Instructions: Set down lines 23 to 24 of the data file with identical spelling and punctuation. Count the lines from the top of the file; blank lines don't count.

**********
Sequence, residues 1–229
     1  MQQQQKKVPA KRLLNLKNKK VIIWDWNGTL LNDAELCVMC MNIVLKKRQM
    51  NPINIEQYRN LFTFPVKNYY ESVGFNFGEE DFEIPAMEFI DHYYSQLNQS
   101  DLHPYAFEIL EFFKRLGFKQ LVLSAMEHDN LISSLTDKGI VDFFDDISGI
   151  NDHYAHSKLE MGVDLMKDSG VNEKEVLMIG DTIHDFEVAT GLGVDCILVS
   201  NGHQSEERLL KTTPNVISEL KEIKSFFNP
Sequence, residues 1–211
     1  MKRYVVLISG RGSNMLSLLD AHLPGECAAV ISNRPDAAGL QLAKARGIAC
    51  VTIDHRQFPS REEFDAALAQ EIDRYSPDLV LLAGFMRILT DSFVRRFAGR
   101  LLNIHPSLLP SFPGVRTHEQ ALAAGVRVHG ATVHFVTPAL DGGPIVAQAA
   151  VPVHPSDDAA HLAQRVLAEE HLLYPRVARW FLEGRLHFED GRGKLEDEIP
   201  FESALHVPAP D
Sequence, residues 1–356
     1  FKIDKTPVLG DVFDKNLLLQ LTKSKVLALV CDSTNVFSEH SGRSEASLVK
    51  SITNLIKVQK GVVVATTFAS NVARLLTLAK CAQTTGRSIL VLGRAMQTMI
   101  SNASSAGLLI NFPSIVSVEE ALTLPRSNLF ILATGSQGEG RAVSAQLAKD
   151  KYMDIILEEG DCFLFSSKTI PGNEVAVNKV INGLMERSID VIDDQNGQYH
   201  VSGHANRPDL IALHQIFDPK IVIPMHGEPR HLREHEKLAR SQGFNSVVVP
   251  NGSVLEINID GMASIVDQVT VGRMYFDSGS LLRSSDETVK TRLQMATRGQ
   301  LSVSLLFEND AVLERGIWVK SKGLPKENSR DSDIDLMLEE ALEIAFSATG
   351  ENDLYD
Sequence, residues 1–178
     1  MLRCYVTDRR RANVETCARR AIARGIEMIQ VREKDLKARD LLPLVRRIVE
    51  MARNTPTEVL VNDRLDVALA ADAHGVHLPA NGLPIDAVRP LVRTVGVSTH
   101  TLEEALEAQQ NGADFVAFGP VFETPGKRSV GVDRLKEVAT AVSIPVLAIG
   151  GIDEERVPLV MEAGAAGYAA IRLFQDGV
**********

     1  MLRCYVTDRR RANVETCARR AIARGIEMIQ VREKDLKARD LLPLVRRIVE
    51  MARNTPTEVL VNDRLDVALA ADAHGVHLPA NGLPIDAVRP LVRTVGVSTH